One aspect of classroom discourse which is not present in our example is that of specialised technical terms. Children in education will inevitably encounter these terms, as Mercer (2007) explains, which come from specific vocabularies of the different subjects within their curriculum. The fact that technical terms are lacking from our example could be due to the age of the children, as pupils will progressively become exposed to, and begin to use, these terms as they go through their education. Mercer notes that the use of this language can be confusing for pupils and easily misinterpreted, with children reliant upon the teachers skill in helping to learn and understand them (p.127).
In our discourse example a teacher is present and is initiating, shaping and controlling the conversation. Mercer (2007) however comments on how school based language interaction between teachers and pupils differs greatly to that between pupils only. He suggests that pupils working in groups or pairs without the presence of a teacher tend to make extended contributions to the conversation, are more willing to share knowledge, offer explanations and express uncertainty, probably due to their shared status (p.131). Teachers undoubtedly play an important role in the education of children, however we should consider whether more pupils in our example would have shared their knowledge if they had been discussing the topic without the teachers presence. We can see on lines 7 and 9 more than one child talking at once, firstly to provide an answer to a closed question and secondly in inaudible speech, but besides these there are only two children who offer answers in this, admittedly small section, of discourse.
While researching the topic of classroom discourse, Halliday (1985) stressed the importance of a child’s understanding and use of the distinctive register of written English (cited in Mercer, 2007, p.139). Halliday’s theory of functional linguistics was the basis of the development of the genre approach, which recognised that language needed to be used in different ways dependent upon the context or medium for which it was being used (Maybin, cited in Mercer, 2007, p.140). In other words, as Mercer (2007) explains, children need to learn education ground rules, or conventions, in order to recognise and utilize language effectively (p.138). These ground rules include learning specialised words, patterns of classroom interactions and the differences between spoken language and written texts (DVD, Unit 20). Mercer (2007) also acknowledges that rather than these ground rules being directly taught, children will learn them through their teacher’s example and feedback (p.139). In our example we have no written comparison for the transcribed spoken language, and it is therefore difficult to assess just how different the language would be if the children had been writing about tornados rather than discussing them. Maybin (1994) suggests that ‘written genres tend to be more condensed and abstract’ (cited in Mercer, 2007, p.139). In line 5 of our example we can see an example of this, with Bernardo possibly speaking while still determining what it is that he wants to say. Had he been asked to write his question, we would be unlikely to see any evidence of the false start or repetition of the words ‘if there’s enemies’ which we see in his speech, as the ground rules of written language require the thought process to be completed prior to writing.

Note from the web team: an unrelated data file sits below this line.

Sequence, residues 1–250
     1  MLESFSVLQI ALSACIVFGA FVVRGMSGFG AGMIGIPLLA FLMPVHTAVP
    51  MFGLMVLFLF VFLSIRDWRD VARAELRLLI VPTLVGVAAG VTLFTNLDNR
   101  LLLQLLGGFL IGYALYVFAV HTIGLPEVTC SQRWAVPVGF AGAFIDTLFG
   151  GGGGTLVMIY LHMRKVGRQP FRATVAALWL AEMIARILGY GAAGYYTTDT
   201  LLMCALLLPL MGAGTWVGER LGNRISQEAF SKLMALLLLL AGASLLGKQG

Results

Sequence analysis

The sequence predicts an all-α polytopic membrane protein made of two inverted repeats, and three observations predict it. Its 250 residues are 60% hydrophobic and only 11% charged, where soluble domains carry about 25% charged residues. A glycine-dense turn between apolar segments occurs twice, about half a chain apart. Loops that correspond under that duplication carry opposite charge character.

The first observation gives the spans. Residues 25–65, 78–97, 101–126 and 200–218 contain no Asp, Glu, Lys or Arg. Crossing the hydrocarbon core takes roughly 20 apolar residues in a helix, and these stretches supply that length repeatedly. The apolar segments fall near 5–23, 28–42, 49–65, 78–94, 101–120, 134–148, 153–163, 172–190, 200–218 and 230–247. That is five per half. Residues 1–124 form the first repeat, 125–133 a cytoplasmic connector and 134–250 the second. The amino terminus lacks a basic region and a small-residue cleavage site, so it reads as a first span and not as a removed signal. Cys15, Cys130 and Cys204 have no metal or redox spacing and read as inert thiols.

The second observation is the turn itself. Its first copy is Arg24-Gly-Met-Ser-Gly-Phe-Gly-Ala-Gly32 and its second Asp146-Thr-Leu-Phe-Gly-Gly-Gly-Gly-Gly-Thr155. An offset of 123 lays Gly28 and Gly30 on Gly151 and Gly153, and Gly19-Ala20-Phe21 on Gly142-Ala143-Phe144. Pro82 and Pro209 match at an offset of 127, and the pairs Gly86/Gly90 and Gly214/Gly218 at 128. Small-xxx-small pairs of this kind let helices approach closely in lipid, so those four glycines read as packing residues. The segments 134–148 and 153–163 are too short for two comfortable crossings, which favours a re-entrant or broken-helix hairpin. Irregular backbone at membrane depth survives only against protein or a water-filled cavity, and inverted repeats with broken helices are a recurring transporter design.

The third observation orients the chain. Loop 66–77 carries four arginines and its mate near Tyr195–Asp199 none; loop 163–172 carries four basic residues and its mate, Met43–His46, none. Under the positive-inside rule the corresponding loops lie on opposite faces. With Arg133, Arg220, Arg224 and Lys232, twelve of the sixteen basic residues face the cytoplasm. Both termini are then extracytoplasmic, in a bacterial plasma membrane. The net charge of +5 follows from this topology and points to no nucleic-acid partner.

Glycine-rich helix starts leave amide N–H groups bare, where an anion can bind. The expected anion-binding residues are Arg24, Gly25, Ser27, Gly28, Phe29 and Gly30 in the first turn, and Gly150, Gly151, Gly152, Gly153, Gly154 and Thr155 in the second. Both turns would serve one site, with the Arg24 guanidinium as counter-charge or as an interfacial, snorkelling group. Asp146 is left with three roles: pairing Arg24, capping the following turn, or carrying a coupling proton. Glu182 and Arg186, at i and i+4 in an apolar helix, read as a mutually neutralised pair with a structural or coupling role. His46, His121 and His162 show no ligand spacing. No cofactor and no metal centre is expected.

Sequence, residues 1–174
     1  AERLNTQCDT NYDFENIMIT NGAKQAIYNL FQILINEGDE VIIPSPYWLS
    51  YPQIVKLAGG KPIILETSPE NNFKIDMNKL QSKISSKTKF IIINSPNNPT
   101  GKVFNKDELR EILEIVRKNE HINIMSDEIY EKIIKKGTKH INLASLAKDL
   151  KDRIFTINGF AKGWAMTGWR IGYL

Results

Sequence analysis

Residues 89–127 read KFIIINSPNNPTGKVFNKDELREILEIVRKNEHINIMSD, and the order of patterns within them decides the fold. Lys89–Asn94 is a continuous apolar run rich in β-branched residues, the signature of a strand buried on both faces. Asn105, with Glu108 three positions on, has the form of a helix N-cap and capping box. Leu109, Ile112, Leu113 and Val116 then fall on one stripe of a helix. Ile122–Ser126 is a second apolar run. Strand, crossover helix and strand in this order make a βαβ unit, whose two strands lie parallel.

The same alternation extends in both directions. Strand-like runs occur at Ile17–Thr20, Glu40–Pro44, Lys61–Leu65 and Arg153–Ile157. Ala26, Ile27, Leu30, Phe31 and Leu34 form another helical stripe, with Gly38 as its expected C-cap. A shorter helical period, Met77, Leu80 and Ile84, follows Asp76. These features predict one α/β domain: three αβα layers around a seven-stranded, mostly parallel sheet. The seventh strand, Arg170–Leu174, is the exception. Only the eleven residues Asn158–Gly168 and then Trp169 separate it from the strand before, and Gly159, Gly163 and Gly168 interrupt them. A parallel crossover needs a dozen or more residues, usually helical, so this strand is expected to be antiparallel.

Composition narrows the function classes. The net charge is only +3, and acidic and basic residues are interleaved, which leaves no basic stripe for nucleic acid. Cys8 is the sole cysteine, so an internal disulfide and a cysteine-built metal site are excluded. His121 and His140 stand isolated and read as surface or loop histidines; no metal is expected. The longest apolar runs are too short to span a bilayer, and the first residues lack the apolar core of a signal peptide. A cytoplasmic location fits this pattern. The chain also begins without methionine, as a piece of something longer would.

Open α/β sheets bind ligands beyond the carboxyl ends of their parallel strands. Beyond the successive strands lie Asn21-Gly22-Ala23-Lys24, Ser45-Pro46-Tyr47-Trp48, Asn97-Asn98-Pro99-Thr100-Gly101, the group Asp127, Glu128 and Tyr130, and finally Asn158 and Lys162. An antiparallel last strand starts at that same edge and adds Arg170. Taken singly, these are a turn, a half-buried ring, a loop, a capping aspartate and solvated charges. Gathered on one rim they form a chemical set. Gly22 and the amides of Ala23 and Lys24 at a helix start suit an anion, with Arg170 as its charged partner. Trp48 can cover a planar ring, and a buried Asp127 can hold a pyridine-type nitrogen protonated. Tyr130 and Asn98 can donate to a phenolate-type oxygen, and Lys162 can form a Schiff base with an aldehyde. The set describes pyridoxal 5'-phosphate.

One of the most important points about our example, as mentioned earlier, is with only a written transcript of the conversation it is difficult to be able to fully analyse the discourse. Intonation, rate of speech and facial expressions, also known as paralinguistic features, play an important role in spoken language (Mayor, 2007, p.71), and without knowledge of this we cannot be sure of the rapport between the teacher and their students. We can see clear evidence of IRF in our example, but what we cannot gauge is the extent to which the teacher was engaging and encouraging the pupils. What is clear is that the complete process of learning is extensive, with children developing unspoken rules of language alongside the curriculum. Learning, by example and through the feedback, the ground rules of language – the construction of different forms of language, specialised technical terms and discourse patterns – is just as important as learning specific set information, as without it children would grow up unable to communicate effectively.
(2007) ‘English as a classroom language’in Resource and Reference Materials 1, The Open University, p.25 – 30.
An A-Z of English, U211, DVD 2.
Bancroft, D., with contributions from Gillen, J., (2007) ‘English as a first language’, N. Mercer, J. Swann and B. Mayor, Using English, London, Routledge/The Open University, p.5 – 36.
Mayor, B., (2007) ‘English in the repertoire’, N. Mercer, J. Swann and B. Mayor, Using English, London, Routledge/The Open University, p.43 – 72.
Mercer, N., with contributions from Barnes, D., (2007) ‘English as a classroom language’, N. Mercer, J. Swann and B. Mayor, Using English, London, Routledge/The Open University, p.117 – 142.